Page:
Please download the template source recursion1.scala and the test suite recchecksuite.scala.

Compile both files:

$ fsc recursion1.scala $ fsc recchecksuite.scalaYou can now run the test suite:

$ scala org.scalatest.run RecursionCheckSuite Run starting. Expected test count is: 2 RecursionCheckSuite: - number of threes *** FAILED *** scala.NotImplementedError: an implementation is missing - print with commas *** FAILED *** scala.NotImplementedError: an implementation is missing Run completed in 72 milliseconds. Total number of tests run: 2 Suites: completed 1, aborted 0 Tests: succeeded 0, failed 2, canceled 0, ignored 0, pending 0 *** 2 TESTS FAILED ***When you are done with the first two tasks, the two tests will pass.

Implement the method numberOfThrees(num: Long): Int in recursion1.scala. It should return the number of times the digit 3 appears in the decimal representation of the non-negative integer num. For example numberOfThrees(34534) should return 2.

Your implementation must be recursive. You are not allowed to use any strings at all: You cannot convert the number to a string.

Hint: Look at how we printed numbers in any base.

A convention for printing large numbers, especially for finances, is to insert commas every three digits. For example:

123 12,456 1,234,567 123,456,789,012,345Implement the method printWithCommas(n: Long) in recursion1.scala to print a given positive integer number \(n > 0\) in this format.

Your method must be recursive and must not return a result: it should just print the number directly. It also may not use any string methods, in particular it must not use toString, toInt, format, or printf.

Hint: Look at how we printed numbers in any base.

Download and compile the file gray.scala:

$ fsc gray.scalaThe initial version can be run from the command line to generate a table of the binary code with a given number of bits, and to convert a binary number to decimal:

$ scala Gray binary 3 000 001 010 011 100 101 110 111 $ scala Gray binary 4 0000 0001 0010 0011 0100 0101 0110 0111 1000 1001 1010 1011 1100 1101 1110 1111 $ scala Gray bin2dec 0100110 38 $ scala Gray bin2dec 10101010 170

These are implemented using the methods makeBinary and binaryToInt. Study how they work recursively.

The standard binary representation, while incredibly useful in many applications, is not always the best binary representation for some applications. For example, imagine an application in which one is scanning an \(n\)-bit number and the scanner occasionally misreads one of the bits. In the standard binary representation, if the misread bit is a very significant bit, the corresponding value of the binary string may differ substantially from the intended value. For example, the five-bit binary strings 00101 and 01101 differ in only one bit but represent the numbers 5 and 13, respectively.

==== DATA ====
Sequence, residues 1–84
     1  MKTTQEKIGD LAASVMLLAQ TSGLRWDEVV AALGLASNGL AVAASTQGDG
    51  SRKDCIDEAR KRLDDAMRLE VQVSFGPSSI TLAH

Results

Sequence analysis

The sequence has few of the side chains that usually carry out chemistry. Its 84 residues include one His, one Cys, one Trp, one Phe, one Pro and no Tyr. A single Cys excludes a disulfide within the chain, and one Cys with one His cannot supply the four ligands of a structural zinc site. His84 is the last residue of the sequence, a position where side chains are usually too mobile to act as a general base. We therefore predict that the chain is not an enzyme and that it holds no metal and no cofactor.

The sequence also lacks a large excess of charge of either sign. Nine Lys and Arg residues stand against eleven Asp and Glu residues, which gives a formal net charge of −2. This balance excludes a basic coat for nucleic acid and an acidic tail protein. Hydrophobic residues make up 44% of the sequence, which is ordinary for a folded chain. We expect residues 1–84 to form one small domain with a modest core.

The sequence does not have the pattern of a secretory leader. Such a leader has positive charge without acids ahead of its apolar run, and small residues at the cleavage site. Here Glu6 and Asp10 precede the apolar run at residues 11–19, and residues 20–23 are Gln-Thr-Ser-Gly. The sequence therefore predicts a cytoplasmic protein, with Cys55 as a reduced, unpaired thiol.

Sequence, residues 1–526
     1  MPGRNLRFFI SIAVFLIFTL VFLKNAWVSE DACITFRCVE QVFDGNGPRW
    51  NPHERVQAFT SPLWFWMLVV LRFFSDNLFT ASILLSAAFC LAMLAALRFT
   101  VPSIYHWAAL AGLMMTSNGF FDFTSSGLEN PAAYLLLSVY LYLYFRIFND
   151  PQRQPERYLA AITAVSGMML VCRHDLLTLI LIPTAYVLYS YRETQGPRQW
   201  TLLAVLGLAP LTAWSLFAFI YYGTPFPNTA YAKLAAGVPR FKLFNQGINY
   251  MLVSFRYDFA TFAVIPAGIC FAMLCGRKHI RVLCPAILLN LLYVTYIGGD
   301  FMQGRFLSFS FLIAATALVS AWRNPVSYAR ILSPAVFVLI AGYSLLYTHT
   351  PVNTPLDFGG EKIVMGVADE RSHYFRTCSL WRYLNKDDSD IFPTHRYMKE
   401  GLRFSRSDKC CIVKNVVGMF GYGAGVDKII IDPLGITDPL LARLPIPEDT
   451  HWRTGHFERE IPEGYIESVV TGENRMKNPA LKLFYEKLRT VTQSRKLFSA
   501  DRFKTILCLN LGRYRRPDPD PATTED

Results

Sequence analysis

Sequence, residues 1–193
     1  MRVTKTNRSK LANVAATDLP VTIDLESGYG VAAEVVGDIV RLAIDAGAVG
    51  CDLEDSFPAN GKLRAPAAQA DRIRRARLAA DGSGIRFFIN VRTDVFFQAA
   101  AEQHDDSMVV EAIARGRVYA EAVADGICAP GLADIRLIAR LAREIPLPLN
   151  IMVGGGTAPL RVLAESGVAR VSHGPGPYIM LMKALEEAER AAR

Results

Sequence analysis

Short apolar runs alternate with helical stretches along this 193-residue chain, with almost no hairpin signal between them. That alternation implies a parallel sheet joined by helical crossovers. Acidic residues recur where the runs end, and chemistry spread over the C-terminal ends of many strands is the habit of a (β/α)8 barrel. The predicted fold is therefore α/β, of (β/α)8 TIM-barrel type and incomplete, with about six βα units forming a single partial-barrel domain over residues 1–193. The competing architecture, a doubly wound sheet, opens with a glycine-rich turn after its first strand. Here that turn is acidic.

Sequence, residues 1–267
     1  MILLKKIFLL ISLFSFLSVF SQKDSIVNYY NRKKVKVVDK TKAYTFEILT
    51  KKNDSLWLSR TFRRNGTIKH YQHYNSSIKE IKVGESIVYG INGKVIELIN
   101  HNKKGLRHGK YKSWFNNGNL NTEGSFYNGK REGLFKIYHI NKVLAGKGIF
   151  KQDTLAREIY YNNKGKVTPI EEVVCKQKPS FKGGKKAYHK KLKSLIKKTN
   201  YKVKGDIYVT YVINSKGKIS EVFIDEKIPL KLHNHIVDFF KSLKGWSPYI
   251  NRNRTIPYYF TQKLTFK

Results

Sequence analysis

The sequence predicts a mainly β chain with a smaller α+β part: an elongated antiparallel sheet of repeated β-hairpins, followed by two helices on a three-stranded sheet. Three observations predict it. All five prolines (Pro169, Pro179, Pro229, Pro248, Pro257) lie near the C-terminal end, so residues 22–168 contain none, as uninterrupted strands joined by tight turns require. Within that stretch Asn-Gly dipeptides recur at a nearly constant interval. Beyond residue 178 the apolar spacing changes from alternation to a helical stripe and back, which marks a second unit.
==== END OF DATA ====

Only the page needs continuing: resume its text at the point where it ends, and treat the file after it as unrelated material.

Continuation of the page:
Gray coding (also known as reflected binary numbers) is an alternative numbering of binary strings in which strings corresponding to consecutive values always differ by exactly one bit. In the application above, if the scanner misreads at most one bit, the value of the scanned Gray code is at most one away from the correct value. In many cases, bounded errors of this type are perfectly acceptable.

Your first task is to write a recursive method makeGray(length:Int) : Array[String] that generates a list of binary strings of the specified length ordered such that consecutive strings differ by exactly one bit. Your recursive solution should be very similar to makeBinary, which generated a list of all binary strings ordered by their standard values. If the length is one, the answer is Array("0", "1"). Otherwise, your method should recursively compute makeGray(length-1) and use this to construct makeGray(length).

In the case of standard binary numbers, makeBinary(length) created two copies of the list makeBinary(length - 1). makeGray(length) should also create two copies of makeGray(length - 1). However, one of these copies should be reflected (that is, reversed). Spend a few minutes experimenting with some simple examples and see if you can implement makeGray. If you need more help, this section of the Wikipedia page on Gray codes explains the solution.

Our solution for makeGray returns a list of Gray codes ordered in ascending value. For standard binary numbers, the function binaryToInt computes the value of a binary number. To compute the decimal value of a Gray code, we will implement a function grayToBinary that converts a Gray code to the standard binary number with same value. This function can then be used to compute the value of a Gray code by evaluating binaryToInt(grayToBinary(gray)).

Implement a recursive method grayToBinary(gray) that performs this conversion. Again, this function is remarkably simple. However, deriving this function on your own may prove to be quite difficult. You can read up further on Gray codes as you work on this problem. In particular, focus on the next to last paragraph in the Wikipedia section referenced above.